Rep. Louie Gohmert said after testing positive for the coronavirus this week that he believes wearing a face mask could be the reason he contracted the virus.
“I can’t help but wonder, if by keeping a mask on and keeping it In place, that if I might have put some germs, some of the virus onto the mask and breathed it In,” Gohmert said In an interview following his positive coronavirus test, adding that “reports of my demise are very premature.”
The Texas Republican was set to travel to Texas with President Trump before the news broke that he tested positive for the coronavirus, and his critics were quick to point out that he has been one of the more lax members of Congress when it comes to face coverings.
Gohmert told CNN In June that he didn’t feel the need to wear a mask because he is the tested often but promised that, if he does test positive at some point, he will wear a mask.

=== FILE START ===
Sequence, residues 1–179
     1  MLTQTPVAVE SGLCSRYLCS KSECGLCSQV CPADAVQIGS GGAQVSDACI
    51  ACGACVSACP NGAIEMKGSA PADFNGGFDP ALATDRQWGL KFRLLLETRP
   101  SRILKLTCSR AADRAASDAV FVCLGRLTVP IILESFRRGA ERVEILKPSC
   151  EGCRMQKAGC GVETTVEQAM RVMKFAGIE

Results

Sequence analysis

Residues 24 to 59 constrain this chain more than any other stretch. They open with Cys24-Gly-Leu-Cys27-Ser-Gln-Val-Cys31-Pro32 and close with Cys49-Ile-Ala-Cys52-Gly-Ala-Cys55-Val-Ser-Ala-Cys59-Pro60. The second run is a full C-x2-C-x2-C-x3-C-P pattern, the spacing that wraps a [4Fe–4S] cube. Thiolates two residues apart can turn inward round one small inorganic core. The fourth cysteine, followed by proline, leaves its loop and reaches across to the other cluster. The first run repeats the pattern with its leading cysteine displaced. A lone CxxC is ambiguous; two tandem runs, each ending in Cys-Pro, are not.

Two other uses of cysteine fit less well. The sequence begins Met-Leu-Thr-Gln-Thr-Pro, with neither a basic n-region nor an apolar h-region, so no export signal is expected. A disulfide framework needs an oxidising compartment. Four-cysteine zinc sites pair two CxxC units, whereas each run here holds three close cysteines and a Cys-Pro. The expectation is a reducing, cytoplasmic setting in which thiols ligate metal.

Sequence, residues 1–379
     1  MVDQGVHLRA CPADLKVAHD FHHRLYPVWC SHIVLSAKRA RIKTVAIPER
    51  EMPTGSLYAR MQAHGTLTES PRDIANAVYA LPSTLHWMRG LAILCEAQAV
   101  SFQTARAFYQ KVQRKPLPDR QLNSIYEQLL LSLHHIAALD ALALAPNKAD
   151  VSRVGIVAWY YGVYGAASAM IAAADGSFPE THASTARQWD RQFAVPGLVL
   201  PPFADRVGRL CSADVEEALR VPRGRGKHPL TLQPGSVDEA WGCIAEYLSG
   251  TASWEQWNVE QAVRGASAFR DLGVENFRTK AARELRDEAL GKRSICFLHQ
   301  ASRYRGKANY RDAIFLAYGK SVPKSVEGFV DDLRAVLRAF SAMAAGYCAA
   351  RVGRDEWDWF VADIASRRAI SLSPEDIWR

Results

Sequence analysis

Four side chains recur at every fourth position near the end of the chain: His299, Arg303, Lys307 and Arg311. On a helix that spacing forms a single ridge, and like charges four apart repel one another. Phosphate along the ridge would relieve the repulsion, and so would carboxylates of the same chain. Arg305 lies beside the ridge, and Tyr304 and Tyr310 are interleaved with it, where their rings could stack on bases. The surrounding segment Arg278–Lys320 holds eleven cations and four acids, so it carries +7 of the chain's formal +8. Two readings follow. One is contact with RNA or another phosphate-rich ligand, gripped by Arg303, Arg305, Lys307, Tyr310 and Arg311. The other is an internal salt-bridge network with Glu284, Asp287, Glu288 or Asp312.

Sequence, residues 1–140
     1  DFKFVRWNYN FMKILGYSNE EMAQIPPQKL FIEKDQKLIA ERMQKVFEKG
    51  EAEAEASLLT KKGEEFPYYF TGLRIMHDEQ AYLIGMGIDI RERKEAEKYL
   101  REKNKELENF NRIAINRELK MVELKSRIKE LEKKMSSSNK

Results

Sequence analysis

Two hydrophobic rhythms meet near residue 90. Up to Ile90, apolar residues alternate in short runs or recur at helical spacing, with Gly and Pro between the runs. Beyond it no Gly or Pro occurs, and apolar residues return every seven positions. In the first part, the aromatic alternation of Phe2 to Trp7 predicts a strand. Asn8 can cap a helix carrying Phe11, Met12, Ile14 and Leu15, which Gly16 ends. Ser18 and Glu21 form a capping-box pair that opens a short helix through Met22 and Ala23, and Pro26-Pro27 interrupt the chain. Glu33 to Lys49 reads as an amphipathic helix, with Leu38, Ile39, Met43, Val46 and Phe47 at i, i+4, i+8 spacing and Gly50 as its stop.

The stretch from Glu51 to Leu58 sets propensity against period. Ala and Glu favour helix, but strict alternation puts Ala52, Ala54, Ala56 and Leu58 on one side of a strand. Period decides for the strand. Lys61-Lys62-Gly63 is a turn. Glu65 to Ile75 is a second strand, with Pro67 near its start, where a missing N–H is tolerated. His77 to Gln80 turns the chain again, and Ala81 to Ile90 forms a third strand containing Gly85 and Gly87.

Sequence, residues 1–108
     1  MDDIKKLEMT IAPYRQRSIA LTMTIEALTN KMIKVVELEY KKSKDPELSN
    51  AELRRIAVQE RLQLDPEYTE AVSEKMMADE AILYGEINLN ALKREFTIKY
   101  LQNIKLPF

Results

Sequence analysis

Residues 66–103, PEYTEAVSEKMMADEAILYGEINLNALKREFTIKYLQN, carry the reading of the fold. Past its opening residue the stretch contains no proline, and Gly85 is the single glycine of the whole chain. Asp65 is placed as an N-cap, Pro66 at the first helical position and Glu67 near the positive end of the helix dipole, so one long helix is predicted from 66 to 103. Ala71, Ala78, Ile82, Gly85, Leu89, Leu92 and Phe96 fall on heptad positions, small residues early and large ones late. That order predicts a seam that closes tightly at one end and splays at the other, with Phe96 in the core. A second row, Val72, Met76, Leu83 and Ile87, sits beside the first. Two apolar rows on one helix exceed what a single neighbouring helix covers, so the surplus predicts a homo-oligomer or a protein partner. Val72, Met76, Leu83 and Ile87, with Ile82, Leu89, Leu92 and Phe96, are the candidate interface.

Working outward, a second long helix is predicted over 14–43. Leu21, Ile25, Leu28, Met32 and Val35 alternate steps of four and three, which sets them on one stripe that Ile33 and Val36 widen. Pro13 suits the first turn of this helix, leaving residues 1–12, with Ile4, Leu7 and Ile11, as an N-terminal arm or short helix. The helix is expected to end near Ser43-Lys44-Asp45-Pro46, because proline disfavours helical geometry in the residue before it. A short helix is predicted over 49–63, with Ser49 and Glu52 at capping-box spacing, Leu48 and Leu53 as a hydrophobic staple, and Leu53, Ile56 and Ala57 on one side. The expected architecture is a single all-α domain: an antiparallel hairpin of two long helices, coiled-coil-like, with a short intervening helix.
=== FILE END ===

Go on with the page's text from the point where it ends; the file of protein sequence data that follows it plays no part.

“If I get it, you’ll never see me without a mask,” Gohmert said. “I keep being tested, and I don’t have it. So, I’m not afraid of you, but if I get it, I’ll wear a mask.”
Many government agencies and health professionals across the world have voiced support for face coverings as a tool to slow the spread of the coronavirus while places such as the Netherlands, Denmark, and some U.S. states reject that there is the proven effectiveness, citing studies that suggest face coverings aren’t effective, including at least one study supporting Gohmert’s argument that masks could make transmission more likely.
“We are not defenseless against COVID-19,” Centers for Disease Control and Prevention Director Robert Redfield said about face masks. “Cloth face coverings are one of the most powerful weapons we have to slow and stop the spread of the virus — particularly when used universally within a community setting. All Americans have a responsibility to protect themselves, their families, and their communities.”
Gohmert also said that he plans on taking the controversial prescription antimalarial drug hydroxychloroquine, which has been praised by Trump and has shown encouraging signs of being an effective treatment for COVID-19 patients but has been criticized by others and was recently banned In Ohio.